Orphans' Lament

Regarding Patt Morrison's "Going Home Alone" (On the Town, Feb. 19): One of my greatest fears as a kid without parents, being raised by a series of relatives, was that of being sent to an orphanage. I wasn't happy, but I worried that it could be worse. At least I knew what the deal was: Be quiet, inconspicuous and inexpensive, and maybe I wouldn't be booted out. Orphanages, I heard, gave you walking papers on your 16th birthday, ready or not.

I dodged the orphanage threat of one aunt by moving in with another, who presented the 16th-birthday threat on her own, so I moved on to yet another relative. But they finally got me: On my 18th birthday, the summer before my senior year of high school, my few effects were packed into a small cardboard box, and I was sent into the world, ready or not--naive, unprepared and penniless.

Some may argue that an orphanage could not have been worse and might have been better. Who knows? Our system screams for improvement, but we're stuck with the unfortunate reality of our economy and our overproduction of babies. I see no evidence that orphanages could provide in the future anything better than what our system has to offer at present.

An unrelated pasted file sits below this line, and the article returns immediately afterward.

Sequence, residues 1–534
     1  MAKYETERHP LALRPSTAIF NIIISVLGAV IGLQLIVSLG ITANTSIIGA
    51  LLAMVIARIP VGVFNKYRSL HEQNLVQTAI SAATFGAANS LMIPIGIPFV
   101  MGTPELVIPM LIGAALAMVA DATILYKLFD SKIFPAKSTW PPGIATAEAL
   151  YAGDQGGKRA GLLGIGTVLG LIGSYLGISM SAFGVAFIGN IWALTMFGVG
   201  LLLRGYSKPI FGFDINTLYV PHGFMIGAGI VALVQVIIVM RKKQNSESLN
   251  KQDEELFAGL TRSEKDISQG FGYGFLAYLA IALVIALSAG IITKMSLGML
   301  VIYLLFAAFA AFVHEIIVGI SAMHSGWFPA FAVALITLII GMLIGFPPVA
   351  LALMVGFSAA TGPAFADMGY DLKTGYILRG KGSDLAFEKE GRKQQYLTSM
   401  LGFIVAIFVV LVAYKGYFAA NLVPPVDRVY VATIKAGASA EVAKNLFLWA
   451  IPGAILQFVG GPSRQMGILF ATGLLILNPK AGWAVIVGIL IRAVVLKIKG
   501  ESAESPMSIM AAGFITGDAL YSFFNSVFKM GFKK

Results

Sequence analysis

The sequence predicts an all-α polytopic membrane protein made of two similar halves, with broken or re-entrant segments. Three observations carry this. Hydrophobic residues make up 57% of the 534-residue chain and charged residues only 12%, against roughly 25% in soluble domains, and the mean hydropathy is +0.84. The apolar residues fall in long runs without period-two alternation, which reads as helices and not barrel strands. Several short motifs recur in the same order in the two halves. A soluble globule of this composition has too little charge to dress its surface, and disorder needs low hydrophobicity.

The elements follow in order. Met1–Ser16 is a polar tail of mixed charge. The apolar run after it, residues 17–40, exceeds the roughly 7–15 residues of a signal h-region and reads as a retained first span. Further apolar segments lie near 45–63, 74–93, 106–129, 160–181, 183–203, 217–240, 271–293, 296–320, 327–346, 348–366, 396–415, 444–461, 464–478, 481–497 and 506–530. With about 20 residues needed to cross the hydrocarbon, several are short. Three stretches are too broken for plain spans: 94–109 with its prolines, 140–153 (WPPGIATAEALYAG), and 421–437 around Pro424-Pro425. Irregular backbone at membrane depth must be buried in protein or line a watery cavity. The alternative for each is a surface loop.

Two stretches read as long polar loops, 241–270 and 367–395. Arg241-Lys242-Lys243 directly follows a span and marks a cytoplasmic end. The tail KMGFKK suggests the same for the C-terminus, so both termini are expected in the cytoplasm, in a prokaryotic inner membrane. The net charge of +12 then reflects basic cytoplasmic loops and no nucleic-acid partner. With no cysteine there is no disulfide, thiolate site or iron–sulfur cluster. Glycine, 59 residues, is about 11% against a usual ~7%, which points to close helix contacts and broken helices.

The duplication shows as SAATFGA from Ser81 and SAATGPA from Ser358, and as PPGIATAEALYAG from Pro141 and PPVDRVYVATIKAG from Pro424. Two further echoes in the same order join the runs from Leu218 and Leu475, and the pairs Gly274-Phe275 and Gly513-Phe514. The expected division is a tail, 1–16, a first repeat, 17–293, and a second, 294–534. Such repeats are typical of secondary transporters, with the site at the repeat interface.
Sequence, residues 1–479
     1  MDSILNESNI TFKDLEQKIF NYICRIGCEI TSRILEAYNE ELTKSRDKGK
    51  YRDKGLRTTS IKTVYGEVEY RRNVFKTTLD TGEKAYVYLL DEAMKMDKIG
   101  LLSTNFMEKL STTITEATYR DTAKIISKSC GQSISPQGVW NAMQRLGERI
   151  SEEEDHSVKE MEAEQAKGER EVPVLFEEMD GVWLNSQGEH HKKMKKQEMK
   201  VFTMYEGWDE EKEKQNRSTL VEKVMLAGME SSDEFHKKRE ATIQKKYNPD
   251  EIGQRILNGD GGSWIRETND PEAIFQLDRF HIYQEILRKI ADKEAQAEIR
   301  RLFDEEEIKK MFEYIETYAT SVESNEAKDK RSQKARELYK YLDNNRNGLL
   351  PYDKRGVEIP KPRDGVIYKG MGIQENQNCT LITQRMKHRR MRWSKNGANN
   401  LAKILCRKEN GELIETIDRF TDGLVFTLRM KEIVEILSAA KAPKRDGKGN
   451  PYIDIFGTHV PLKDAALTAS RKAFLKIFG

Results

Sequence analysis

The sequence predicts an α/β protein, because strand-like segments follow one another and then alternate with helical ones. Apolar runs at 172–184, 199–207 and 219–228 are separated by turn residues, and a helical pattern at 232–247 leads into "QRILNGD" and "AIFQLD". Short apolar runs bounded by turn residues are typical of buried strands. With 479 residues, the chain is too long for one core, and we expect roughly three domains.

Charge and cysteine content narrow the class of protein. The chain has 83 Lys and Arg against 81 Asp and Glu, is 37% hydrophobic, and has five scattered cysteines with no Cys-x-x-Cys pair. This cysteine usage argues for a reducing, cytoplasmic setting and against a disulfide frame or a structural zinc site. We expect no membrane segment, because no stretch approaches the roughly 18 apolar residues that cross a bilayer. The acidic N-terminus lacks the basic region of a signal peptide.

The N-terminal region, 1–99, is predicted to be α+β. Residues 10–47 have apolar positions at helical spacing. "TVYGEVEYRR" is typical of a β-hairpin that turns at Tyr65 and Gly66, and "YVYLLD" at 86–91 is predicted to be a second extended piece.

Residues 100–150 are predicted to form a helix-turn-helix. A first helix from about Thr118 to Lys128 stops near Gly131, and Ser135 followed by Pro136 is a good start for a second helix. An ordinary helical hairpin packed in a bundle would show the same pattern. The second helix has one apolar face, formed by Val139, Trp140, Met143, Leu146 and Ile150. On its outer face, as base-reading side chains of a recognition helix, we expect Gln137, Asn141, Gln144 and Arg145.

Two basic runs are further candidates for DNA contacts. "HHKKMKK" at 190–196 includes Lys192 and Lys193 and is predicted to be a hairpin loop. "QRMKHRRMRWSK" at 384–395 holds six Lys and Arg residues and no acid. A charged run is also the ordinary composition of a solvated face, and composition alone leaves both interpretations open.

Linda Modisett

San Pedro


My father, physically and emotionally damaged in World War II, frequently brought the violence of war home to my mother and her four children. Eventually, we kids wound up in a Riverside County orphanage.

One day, the four of us were taken on a one-way ride without a word of explanation and without any of our belongings. That sent the message that we didn't need or deserve anything. They put me in the "nursery" for the three weeks before my seventh birthday. I remember trying to sing myself to sleep so I wouldn't be so frightened, but that just brought a counselor to beat my bare backside with a wooden ruler. In the daytime, during "playtime," I never played but stood at the back of the building, hour after hour, scouting possible avenues of escape.

They kept the four of us separated, and I seldom got a chance to see my brother and sisters (I was the oldest girl). It was a world of stern counselors assisted by mean older teen-agers who had already been hardened by life and had little sympathy for us smaller kids. Finally, a year later, we were taken to a foster home, where I was sexually molested by my "kindly" foster father.

Hey, Newt: Read me that fairy-tale again, will you?

Mary Ellen Cresswell


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